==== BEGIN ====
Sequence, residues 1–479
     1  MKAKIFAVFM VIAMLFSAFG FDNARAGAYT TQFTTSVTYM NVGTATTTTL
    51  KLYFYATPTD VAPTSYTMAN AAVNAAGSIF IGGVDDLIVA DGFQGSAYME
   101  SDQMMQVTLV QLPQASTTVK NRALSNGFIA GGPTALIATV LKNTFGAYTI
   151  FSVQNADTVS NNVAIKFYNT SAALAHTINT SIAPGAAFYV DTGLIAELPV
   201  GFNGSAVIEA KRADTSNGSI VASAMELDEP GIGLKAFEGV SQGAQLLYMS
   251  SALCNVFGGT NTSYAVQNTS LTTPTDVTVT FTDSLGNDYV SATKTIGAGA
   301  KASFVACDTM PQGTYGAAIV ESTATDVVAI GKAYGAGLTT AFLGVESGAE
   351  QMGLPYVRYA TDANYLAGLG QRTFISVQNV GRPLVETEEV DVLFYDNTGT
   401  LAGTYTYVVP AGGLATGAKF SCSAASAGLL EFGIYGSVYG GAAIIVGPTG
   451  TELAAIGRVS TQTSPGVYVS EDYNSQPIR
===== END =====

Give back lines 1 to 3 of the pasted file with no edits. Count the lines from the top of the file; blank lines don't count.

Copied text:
Sequence, residues 1–479
     1  MKAKIFAVFM VIAMLFSAFG FDNARAGAYT TQFTTSVTYM NVGTATTTTL
    51  KLYFYATPTD VAPTSYTMAN AAVNAAGSIF IGGVDDLIVA DGFQGSAYME